When you are fearing an autism diagnosis for your child and all your internet researches show you "no cure" or "lifelong disability" you are willing to try anything to at least help ease the struggles your child is having. For some, it's a gluten free casein free diet. For some it's Applied Behavioral Analysis (ABA) (which most experts believe is the most effective tool). For some it's chelation therapy which is a process that removes excess murcury and other metals from the body for those that believe autism is caused by mercury exposure. Every child is different, every family is different. I am not here on my soap box declaring what is good and what is bad (I'm not Jenny McCarthy for goodness sakes). I'm describing what worked for my son, for our family. I for one, was not a believer in the mercury exposure theory so no chelating agents were going into my boy's body. Although some believe the gluten and casein free diet really help their kids, Ryan's picky food habits consist of all things gluten and to our family that disruption and potential hunger strike was not worth the possible gain. And since Ryan's diagnosis at the time was Sensory Processing Disorder, ABA wasn't even proposed to us. What we decided on was Tomatis Therapy or what Dan at the time called voodoo. And we didn't even have to travel to the Bayou to do it.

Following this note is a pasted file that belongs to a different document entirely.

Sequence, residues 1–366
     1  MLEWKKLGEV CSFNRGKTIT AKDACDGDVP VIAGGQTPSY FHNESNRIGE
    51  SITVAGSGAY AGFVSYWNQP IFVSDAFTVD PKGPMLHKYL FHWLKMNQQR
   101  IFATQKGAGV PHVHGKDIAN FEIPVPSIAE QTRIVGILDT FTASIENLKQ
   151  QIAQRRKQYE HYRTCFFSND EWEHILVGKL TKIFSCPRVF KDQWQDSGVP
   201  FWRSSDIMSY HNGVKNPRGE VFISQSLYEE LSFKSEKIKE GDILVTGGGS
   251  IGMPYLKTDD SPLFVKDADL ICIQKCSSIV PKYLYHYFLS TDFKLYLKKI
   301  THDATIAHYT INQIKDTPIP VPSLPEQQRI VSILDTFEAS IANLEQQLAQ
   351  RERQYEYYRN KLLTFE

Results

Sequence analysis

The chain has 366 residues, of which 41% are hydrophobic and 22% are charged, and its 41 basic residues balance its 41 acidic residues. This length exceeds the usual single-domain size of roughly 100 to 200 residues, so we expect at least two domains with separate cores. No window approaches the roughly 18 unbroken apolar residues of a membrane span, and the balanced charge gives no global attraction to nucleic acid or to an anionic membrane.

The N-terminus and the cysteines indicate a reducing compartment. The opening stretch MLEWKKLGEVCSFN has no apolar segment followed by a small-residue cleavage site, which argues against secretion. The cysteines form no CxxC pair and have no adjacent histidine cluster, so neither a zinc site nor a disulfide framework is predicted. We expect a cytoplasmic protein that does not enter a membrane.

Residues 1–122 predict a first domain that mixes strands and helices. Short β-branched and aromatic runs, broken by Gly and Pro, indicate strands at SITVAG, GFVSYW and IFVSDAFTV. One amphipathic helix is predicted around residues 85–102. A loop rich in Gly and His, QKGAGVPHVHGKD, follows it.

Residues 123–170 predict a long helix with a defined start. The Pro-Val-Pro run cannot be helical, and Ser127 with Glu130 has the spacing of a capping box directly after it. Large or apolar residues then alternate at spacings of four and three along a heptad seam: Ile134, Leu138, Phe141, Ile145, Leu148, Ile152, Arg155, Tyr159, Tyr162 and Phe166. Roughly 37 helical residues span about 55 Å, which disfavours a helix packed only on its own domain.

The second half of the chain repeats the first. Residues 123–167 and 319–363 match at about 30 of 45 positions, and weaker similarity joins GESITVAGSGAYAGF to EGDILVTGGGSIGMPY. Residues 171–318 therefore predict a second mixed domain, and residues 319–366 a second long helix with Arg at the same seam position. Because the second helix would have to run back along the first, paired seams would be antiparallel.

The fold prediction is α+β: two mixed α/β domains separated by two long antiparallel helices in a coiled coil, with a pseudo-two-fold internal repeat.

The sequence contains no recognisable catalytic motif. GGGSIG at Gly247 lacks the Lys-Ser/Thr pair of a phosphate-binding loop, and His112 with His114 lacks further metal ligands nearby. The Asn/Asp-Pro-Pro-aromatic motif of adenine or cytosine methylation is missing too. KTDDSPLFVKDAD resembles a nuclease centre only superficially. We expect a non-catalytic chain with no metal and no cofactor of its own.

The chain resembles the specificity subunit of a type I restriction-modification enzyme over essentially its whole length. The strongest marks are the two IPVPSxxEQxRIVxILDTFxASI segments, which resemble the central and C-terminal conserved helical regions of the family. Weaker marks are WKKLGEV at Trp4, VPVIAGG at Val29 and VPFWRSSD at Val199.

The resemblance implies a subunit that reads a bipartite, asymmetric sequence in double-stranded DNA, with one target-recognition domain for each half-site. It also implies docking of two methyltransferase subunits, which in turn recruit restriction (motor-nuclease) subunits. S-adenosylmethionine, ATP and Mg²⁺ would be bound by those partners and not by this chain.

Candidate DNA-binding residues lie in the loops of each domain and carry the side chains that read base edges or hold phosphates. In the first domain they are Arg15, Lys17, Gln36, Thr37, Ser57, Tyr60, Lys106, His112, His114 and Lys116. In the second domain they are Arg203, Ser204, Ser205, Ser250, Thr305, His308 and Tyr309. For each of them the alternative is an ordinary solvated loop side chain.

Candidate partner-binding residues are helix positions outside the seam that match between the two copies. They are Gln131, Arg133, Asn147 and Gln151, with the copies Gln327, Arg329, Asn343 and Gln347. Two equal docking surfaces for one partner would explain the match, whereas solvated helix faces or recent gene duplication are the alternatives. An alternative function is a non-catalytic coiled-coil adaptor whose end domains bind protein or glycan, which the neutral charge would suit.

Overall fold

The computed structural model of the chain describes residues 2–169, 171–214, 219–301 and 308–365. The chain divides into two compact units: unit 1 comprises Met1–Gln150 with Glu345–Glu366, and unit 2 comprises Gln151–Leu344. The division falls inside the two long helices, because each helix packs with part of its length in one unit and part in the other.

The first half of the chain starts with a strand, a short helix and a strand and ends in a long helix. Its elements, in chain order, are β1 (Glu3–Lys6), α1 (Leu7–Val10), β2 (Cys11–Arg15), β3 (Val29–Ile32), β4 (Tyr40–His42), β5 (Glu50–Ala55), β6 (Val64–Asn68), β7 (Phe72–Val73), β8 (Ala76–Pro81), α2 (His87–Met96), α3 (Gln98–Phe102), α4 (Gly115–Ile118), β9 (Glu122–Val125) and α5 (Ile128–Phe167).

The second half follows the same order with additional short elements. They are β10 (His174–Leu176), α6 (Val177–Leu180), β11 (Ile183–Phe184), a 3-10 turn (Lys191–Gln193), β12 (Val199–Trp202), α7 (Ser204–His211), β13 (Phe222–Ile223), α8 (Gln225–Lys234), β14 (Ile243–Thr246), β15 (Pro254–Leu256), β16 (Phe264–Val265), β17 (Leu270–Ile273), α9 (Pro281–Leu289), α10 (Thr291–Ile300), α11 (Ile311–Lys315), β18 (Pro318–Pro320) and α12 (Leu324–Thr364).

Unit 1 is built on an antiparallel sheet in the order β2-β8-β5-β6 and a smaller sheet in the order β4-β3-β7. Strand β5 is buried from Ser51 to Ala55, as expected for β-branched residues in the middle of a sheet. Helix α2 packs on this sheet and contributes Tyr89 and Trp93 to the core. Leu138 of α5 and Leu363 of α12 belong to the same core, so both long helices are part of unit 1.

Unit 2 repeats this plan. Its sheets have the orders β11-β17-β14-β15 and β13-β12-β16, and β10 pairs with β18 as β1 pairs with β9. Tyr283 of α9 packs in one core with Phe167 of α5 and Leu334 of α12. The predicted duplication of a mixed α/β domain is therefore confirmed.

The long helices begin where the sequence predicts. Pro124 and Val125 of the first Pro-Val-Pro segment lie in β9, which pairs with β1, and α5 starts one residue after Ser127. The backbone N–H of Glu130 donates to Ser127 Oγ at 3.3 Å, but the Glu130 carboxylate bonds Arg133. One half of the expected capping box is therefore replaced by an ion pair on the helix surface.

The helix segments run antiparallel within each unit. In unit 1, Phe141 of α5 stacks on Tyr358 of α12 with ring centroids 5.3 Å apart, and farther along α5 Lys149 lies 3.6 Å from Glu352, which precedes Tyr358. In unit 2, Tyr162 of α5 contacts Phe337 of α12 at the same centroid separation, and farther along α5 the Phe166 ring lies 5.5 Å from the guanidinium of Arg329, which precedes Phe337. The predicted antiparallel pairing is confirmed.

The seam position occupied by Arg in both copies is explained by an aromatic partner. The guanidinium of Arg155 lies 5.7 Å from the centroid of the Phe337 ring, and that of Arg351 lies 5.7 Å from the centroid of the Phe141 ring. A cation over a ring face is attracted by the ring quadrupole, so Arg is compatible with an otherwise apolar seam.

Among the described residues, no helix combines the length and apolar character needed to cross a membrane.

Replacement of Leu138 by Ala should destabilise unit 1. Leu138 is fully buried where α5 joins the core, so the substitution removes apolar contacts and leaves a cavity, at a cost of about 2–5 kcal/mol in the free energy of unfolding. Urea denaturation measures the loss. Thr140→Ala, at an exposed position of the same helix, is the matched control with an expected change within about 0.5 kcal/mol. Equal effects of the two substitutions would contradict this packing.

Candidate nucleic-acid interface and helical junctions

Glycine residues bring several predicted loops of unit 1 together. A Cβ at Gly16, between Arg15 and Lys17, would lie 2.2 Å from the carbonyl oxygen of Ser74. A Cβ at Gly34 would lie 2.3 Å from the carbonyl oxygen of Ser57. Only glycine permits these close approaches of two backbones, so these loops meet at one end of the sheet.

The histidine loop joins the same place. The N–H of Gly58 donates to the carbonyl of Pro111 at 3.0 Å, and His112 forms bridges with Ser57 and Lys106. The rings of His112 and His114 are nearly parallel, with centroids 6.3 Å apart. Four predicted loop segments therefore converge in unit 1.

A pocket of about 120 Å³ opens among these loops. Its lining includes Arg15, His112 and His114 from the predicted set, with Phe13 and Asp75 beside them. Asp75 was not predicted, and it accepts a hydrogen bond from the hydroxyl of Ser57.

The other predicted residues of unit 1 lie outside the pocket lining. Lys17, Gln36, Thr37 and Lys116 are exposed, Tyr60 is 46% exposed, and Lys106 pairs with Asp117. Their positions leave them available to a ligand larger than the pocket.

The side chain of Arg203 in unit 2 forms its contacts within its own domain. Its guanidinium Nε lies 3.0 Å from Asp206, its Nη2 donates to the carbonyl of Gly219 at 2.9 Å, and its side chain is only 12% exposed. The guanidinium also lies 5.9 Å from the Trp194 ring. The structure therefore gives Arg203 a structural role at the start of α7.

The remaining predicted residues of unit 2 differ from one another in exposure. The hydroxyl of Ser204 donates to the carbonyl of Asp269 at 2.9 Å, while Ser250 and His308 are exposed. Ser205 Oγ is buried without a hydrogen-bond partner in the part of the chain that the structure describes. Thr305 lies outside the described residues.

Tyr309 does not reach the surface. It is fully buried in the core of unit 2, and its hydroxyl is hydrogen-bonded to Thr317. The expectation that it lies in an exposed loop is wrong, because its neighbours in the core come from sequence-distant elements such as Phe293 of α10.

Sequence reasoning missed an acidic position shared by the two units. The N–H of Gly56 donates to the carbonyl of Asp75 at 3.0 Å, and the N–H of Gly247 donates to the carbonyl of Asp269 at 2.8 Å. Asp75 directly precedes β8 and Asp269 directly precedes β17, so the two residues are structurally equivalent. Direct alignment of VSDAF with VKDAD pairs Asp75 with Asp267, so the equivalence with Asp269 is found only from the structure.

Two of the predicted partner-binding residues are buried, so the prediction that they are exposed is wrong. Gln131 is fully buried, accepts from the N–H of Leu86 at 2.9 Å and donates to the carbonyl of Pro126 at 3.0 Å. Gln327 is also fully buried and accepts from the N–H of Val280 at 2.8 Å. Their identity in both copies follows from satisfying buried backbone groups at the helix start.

Ryan still has some sensory issues, but compared to before, they are vastly improved. Ryan may never love the Fourth of July, but he sat through an entire Disney World fireworks display (twice) while smiling and covering his ears with only some mild trepidation and grumbling. Tomatis Therapy did not cure my son. Just as I'm sure taking away his gluten filled Oreo Cakesters and Velveeta Shells and Cheese will not make him class president, but in this unknown world of autism where many discoveries are made through trial and error as each child is so unique, Tomatis, with the help of Mozart eased my son's struggles. As a mother who would do anything for their child, this choice was a no brainer for me.